One of the issues I have with the NMEA data networks is the lack of simple low energy black boxes. How hard is it really to program a unit to save the NMEA data to a solid state disk like an SD card? If I had a way to upload the data to my computer I could track all of my routes, watch the weather/wind trends much closer, follow my course and even log the AIS targets. Some of the information could be handy to publicize my routes but data like DSC positioning could be crowd sourced for tracking all AIS broadcasting targets throughout the world. Currently the only way to track a vessel is with radio towers on shore but being able to send your own course and other AIS targets that you receive could prove useful for getting a better history of where all broadcasting vessels were located at any given point when another vessel is within the receiving range. With Paxor technology you could also send a limited set of your NMEA data to shore via SSB radio so the shore network can track your position and vessel condition at all times. It’s possible but just not quite there yet and whoever develops the infastructure will do us all a great service. For now I will see if a Raspberry Pie computer can keep a log of a subset of NMEA data that my NMEA components produce so I can later mess around with building visualization tools from the data. Something most salty dogs could care less about but modern pups can enjoy.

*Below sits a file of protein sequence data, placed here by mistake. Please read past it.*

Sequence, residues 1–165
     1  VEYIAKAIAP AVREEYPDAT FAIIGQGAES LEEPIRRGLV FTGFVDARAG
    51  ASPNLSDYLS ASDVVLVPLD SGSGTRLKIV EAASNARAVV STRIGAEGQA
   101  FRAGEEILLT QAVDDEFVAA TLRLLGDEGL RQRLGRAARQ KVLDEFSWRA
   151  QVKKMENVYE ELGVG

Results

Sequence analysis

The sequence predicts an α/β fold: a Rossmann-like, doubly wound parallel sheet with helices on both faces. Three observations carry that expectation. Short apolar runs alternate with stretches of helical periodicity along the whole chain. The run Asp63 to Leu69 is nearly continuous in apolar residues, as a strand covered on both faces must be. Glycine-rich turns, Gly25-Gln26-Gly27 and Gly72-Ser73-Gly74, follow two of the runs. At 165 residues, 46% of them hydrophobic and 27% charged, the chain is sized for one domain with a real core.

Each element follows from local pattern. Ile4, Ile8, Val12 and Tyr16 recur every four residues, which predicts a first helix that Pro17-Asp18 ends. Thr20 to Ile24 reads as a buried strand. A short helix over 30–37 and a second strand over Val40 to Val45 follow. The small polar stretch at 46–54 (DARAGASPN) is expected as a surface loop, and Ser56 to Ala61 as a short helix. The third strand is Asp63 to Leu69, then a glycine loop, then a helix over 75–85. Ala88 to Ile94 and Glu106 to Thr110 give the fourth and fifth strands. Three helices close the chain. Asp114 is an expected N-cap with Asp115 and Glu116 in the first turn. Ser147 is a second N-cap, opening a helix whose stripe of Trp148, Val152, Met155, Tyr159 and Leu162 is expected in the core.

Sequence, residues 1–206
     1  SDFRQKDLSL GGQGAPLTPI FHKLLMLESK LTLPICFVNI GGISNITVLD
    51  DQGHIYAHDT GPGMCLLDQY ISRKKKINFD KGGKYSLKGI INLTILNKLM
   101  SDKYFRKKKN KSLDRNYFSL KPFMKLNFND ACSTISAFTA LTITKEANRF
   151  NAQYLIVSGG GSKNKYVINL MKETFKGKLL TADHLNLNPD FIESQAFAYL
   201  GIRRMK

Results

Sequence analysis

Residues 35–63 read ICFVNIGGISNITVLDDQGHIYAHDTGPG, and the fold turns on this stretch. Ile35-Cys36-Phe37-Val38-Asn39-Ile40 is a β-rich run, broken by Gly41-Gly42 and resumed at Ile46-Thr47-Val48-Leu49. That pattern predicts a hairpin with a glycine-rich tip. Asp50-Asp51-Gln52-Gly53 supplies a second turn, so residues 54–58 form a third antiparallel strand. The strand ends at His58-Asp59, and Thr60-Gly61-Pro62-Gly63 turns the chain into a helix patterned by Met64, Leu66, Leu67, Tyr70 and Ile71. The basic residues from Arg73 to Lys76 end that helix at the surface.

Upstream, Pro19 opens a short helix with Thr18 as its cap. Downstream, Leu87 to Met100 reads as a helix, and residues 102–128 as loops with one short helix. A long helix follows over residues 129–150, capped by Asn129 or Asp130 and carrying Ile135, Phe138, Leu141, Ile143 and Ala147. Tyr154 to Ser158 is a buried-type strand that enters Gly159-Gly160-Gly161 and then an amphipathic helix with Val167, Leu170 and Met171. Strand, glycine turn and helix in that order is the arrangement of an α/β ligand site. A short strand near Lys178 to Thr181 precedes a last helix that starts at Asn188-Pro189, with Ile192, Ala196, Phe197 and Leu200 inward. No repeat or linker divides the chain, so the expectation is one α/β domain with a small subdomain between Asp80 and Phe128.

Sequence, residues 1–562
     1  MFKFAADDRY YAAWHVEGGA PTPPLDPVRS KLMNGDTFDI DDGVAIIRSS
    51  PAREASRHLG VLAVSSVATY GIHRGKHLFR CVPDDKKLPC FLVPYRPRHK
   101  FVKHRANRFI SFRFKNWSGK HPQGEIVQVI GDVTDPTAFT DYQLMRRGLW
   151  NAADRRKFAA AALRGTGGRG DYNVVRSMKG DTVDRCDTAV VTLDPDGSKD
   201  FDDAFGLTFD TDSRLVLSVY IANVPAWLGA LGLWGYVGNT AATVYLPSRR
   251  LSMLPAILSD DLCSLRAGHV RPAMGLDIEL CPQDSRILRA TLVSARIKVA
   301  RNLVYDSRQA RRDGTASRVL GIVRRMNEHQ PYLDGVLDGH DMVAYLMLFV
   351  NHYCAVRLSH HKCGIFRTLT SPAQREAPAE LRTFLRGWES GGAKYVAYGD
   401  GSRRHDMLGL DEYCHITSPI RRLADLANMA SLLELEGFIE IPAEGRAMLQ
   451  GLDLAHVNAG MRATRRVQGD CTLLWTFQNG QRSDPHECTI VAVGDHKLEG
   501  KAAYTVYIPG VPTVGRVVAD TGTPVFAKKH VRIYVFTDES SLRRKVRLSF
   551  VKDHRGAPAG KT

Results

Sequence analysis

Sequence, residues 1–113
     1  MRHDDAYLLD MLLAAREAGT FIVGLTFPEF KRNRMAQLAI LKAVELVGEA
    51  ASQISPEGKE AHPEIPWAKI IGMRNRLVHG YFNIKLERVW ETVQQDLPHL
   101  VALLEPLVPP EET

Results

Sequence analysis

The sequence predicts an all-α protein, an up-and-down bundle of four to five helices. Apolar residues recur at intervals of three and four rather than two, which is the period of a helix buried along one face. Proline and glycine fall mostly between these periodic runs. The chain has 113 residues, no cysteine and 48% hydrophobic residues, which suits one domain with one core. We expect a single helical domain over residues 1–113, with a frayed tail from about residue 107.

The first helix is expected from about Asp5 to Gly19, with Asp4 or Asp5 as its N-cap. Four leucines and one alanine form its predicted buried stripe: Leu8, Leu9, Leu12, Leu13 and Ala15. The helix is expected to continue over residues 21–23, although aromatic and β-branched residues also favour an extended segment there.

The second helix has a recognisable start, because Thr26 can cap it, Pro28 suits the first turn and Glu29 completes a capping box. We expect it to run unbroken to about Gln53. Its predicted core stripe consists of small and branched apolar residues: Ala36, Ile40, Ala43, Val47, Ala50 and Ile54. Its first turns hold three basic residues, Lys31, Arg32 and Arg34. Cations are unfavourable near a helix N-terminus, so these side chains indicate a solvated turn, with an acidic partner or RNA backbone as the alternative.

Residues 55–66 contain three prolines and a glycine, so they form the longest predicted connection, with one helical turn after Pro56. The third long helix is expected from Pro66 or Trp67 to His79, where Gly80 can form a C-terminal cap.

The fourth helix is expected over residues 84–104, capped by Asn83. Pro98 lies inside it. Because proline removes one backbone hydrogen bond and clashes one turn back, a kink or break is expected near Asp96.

Anyways, I spilled my thoughts so others can hopefully learn about this process. I hope is was useful for newbies like me. Next is getting radar installed, solar keeping my batteries charged and SSB radio for long distance communication.